Iqbal adds that even the poorest strata of society “buy from us; they can’t go to expensive markets.”

So, what should the government do? Asghar Billa, who has a fruit stall close to Delhi Gate, recalls how some 30 years ago, the government set up a market of around 20 shops in the city. “The idea was to shift the vendors there. But the market was too small to accommodate all of us. Secondly, the prices of these shops were beyond us.”

Railway Workshop (Engine Shed) is one popular spot for the fruit and vegetable buyers. In the beginning, the railway workers would purchase cheap fruit, vegetables, second-hand woolies, home utensils etc from here. With time, its popularity spread to the entire city. Today, people from even remote areas visit the place and do their grocery at very reasonable rates.

For the common consumer, such spots are a blessing. As a retired army officer, standing next to a roadside stall, puts it: “You can find different varieties of fruits and vegetables here. And their quality isn’t bad, as some people might think. On top of that, the prices are reasonable.”

Vendors of second-hand clothes are another favourite among the common people. Though, they don’t usually move their stalls around the city roads. Their pushcarts are often laden with branded merchandise, the likes of which are available at the original outlets at exorbitant prices.

Arshad 2

Vendors of old clothes are popular.

Empress Road, near Haaji Camp, and Landa Bazaar, Railway Station, are popular haunts for lovers of branded stuff. If you visit the Empress Rd on a Saturday or Sunday, you will find long lines of cars waiting to park. Apparently, the consumers of these clothes aren’t just the lower strata of society, but everyone else also. These people are here especially to buy branded (albeit second-hand) coats and jackets.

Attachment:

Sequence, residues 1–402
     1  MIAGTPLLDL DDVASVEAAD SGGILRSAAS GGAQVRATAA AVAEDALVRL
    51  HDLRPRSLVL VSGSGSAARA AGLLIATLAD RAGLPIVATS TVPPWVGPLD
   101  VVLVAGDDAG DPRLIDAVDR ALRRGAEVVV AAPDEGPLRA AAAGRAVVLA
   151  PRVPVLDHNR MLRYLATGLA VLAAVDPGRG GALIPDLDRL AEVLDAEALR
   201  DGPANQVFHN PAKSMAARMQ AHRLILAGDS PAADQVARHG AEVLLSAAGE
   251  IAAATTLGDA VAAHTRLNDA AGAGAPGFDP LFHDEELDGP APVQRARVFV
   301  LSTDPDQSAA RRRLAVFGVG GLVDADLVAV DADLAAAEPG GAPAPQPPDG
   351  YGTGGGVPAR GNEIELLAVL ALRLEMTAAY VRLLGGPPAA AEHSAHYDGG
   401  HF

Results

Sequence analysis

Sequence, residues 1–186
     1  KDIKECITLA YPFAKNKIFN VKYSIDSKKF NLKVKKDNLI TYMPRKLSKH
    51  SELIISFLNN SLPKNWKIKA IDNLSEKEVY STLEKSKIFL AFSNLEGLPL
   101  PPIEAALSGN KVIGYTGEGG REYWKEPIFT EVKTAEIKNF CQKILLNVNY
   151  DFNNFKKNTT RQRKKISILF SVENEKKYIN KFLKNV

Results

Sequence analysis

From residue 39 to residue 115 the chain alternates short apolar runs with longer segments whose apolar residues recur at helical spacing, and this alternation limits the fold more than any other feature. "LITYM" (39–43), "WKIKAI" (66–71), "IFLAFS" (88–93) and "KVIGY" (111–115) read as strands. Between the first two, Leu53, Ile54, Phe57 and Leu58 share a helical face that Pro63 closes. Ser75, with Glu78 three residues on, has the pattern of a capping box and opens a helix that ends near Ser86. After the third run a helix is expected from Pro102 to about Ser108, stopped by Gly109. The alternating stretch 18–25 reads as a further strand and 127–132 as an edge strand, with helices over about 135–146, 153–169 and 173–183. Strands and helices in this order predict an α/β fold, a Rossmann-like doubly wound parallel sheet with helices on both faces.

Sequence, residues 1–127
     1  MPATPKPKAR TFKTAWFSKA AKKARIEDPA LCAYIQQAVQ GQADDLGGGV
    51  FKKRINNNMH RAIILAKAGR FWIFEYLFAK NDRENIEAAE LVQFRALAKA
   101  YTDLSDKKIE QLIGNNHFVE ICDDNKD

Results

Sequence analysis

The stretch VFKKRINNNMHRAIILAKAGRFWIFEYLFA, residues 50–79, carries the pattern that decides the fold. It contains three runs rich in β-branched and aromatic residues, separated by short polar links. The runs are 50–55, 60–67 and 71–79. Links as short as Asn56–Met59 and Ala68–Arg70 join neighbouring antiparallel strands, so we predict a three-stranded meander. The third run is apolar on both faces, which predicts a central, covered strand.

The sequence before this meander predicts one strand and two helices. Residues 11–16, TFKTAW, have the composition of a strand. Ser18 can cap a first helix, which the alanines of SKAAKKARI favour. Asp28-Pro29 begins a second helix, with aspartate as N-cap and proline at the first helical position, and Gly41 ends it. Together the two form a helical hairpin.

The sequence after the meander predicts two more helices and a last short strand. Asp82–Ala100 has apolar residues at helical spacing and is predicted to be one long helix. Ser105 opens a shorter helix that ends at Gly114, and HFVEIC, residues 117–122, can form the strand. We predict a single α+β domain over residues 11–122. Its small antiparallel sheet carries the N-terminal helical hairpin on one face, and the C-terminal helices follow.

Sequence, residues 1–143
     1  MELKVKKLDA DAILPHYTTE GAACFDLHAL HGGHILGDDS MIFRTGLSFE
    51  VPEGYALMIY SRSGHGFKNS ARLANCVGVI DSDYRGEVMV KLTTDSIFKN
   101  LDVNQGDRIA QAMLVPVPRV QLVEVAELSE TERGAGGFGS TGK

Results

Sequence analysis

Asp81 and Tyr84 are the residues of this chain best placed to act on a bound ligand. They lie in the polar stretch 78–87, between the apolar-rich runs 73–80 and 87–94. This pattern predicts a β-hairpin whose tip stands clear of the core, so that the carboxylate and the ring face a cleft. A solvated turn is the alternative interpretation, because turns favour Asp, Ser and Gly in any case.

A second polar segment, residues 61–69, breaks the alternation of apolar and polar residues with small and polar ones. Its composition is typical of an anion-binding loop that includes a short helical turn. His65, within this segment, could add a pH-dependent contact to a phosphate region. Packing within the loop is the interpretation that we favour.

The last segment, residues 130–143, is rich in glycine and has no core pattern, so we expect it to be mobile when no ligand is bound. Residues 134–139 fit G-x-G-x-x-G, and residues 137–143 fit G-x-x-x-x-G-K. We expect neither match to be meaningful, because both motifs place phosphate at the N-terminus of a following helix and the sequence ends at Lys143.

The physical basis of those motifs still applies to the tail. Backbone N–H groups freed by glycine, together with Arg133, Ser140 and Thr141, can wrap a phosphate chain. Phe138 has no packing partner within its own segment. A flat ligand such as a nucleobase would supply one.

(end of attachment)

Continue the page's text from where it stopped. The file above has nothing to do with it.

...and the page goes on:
A senior professor who is now based in Ireland says he doesn’t go to big shops in Pakistan, “I love to shop from these pushcarts. I sometimes find such branded shirts here that I have seen in malls in Ireland.”

A Ravi Town official rejects the allegations that the town administration staff harasses the roadside vendors or accepts a “monthly” from them. Requesting anonymity, he says that action is taken “only against those vendors who block traffic and/or overstep the line drawn by the Town Administration [TA] for pushcarts.”

He not only sees the vendors and pushcart owners as illegal encroachments, but also calls them “a mafia. If action is taken against them, they come out on the roads and burn tyres.”

When asked as to why are these poor people not given a permanent space to run their small business, the official cites the examples of Engine Shed and Delhi Gate where “this method [of regulating the vendors] failed. In the past, those that were given separate places or shops not only became permanent occupants but also rented the spaces in front of their shops to other vendors, which aggravated the traffic load on the roads.”

TA, Aziz Bhatti Town, had set up Rehri Bazaar on Canal Road, near Laal Pul, to promote clean and legalised cart culture, but now it has been removed for widening the Canal Road.

A traffic warden on duty at Milad Chowk, Delhi Gate, believes that all efforts to remove the vendors have proved to be “a temporary solution, because after sometime they [the vendors] manage to come back, in connivance with the TA staff.”

He suggests that the vendors should instead be afforded independent spaces to set up their stalls.

Arshad Shafiq